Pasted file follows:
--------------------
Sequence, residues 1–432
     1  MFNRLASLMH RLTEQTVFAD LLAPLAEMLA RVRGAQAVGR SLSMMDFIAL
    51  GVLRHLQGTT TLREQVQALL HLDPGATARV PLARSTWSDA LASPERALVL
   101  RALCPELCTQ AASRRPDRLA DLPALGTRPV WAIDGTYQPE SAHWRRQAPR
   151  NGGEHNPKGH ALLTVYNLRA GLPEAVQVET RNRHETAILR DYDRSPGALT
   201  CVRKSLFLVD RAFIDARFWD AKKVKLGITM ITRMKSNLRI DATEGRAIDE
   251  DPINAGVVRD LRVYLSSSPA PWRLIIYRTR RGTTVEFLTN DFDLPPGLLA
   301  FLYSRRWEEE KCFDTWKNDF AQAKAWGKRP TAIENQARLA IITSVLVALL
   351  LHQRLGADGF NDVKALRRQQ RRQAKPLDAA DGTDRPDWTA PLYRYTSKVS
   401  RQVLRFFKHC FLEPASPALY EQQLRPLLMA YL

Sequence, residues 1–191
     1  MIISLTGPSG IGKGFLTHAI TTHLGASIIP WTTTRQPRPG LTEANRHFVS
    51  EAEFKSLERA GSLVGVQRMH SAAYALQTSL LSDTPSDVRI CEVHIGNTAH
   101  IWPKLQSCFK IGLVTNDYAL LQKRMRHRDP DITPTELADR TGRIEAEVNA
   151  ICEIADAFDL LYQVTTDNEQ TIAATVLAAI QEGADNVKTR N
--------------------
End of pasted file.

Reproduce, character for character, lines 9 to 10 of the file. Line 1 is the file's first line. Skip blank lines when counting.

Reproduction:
   351  LHQRLGADGF NDVKALRRQQ RRQAKPLDAA DGTDRPDWTA PLYRYTSKVS
   401  RQVLRFFKHC FLEPASPALY EQQLRPLLMA YL